“But take heed lest by any means this liberty of yours become a stumblingblock to them that are weak… But when ye sin so against the brethren, and wound their weak conscience, ye sin against Christ. Wherefore, if meat make my brother to offend, I will eat no flesh while the world standeth, lest I make my brother to offend… All things are lawful for me, but all things are not expedient: all things are lawful for me, but all things edify not. Let no man seek his own, but every man another’s [well-being]… But if any man say unto you, This is offered in sacrifice unto idols, eat not for his sake that shewed it, and for conscience sake: for the earth is the Lord’s, and the fulness thereof: Conscience, I say, not thine own, but of the other: for why is my liberty judged of another man’s conscience? For if I by grace be a partaker, why am I evil spoken of for that for which I give thanks? Whether therefore ye eat, or drink, or whatsoever ye do, do all to the glory of God. Give none offence, neither to the Jews, nor to the Gentiles, nor to the church of God: Even as I please all men in all things, not seeking mine own profit, but the profit of many, that they may be saved” (1Cor 8:9, 12-13; 10:23-24, 28-33).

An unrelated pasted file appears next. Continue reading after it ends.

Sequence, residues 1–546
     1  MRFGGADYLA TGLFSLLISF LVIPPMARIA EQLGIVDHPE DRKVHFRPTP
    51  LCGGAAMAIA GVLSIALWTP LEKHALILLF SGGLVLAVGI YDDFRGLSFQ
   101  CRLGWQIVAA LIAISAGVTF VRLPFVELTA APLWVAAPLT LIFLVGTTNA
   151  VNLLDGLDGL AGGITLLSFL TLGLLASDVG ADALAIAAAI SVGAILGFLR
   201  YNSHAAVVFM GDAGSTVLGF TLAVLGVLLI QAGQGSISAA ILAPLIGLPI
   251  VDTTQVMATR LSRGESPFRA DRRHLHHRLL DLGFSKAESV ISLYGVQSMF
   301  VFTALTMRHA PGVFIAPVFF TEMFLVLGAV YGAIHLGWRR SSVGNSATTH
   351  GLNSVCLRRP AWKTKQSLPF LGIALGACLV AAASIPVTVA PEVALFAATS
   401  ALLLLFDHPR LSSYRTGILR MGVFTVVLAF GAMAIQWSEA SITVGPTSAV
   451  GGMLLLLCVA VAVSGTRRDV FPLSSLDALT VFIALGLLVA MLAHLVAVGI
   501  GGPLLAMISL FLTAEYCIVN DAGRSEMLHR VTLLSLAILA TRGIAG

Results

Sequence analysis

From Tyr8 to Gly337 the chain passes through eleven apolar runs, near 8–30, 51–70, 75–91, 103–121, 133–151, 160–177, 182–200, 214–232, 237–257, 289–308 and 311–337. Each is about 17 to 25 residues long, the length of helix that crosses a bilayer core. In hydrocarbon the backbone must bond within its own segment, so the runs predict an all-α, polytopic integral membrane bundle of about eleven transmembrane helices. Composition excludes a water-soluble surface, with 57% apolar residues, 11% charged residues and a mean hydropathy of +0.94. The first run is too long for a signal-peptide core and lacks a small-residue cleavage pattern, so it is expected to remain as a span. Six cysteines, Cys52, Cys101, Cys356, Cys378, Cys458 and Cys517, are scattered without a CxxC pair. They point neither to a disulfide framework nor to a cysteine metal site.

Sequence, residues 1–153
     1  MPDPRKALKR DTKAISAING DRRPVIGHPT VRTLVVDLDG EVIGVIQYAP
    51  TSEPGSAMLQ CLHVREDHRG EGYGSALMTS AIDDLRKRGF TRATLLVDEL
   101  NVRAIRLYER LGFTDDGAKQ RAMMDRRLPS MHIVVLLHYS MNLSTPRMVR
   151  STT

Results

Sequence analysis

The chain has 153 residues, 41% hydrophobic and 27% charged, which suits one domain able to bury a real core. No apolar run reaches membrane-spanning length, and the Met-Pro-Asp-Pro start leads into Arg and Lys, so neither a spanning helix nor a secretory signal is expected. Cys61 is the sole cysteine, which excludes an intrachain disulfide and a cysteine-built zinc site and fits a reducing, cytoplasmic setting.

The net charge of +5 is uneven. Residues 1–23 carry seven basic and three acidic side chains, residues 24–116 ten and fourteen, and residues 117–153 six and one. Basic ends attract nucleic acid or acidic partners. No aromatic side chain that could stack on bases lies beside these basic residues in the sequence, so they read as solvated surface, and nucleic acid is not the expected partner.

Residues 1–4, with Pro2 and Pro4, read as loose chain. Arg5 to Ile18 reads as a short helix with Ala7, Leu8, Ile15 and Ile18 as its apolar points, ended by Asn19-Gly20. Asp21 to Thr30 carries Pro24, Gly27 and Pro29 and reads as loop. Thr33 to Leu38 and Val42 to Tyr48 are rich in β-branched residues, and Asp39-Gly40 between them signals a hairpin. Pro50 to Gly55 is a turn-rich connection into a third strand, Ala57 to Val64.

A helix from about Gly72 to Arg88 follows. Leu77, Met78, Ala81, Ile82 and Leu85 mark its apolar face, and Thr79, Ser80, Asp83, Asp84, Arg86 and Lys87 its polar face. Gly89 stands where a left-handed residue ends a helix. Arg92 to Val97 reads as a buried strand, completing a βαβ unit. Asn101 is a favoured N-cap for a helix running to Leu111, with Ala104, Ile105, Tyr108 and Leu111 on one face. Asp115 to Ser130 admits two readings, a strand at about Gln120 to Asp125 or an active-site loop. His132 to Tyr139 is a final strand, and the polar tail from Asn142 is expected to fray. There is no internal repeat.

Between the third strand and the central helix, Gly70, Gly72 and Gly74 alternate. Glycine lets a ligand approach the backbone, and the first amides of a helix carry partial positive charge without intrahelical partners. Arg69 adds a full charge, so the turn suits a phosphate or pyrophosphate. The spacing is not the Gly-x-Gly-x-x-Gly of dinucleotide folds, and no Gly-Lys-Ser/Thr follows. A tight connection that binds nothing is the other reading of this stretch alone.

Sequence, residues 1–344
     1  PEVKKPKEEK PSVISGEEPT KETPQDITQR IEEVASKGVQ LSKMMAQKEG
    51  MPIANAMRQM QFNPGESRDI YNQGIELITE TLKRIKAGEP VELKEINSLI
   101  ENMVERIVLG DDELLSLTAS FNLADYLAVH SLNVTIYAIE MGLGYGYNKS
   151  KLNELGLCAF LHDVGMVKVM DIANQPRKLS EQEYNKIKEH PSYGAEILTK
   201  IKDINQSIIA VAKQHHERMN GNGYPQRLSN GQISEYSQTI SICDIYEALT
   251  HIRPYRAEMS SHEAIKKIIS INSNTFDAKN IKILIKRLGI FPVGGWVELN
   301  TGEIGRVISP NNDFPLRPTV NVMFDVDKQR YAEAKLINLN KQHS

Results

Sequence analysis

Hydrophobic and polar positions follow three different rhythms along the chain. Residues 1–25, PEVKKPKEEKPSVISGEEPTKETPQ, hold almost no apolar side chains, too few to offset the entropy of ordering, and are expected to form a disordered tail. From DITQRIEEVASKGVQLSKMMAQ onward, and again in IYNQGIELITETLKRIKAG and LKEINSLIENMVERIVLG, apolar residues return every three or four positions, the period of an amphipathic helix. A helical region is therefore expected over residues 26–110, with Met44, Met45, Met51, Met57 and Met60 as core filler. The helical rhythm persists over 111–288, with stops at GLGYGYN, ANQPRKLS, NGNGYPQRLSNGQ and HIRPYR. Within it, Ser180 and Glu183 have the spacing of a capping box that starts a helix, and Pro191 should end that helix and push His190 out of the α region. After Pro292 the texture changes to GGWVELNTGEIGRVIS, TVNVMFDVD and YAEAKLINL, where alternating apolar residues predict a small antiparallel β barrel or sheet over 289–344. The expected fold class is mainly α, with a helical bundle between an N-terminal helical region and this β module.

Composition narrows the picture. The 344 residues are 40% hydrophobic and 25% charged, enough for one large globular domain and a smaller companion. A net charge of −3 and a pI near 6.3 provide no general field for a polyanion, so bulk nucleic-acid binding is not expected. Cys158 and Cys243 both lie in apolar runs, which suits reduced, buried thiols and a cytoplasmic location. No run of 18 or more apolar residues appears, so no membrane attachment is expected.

Both extremes today, the inclusive faction and the exclusive faction, need to understand that they are causing offense. Their extremes are begetting further extremes, in a vicious cycle that is pulling apart brothers and sisters on all sides. Offending one’s brothers and sisters is a sin (1Cor 8:12), and the judge himself says that the punishment for doing so is severe (cf. Matt 18:6; Mark 9:42; Luke 17:1-2). As we will all appear before the judgment seat of Christ, it is incumbent upon each of us to avoid giving offense to any; instead we are commanded to seek not our own profit, but that of others (1Cor 10:32-33), to seek not our own, but each other’s well-being (1Cor 10:24 NKJV).
The importance of this exhortation to constrain our behavior for the sake of others is made clear by its repetition in Paul’s other letters: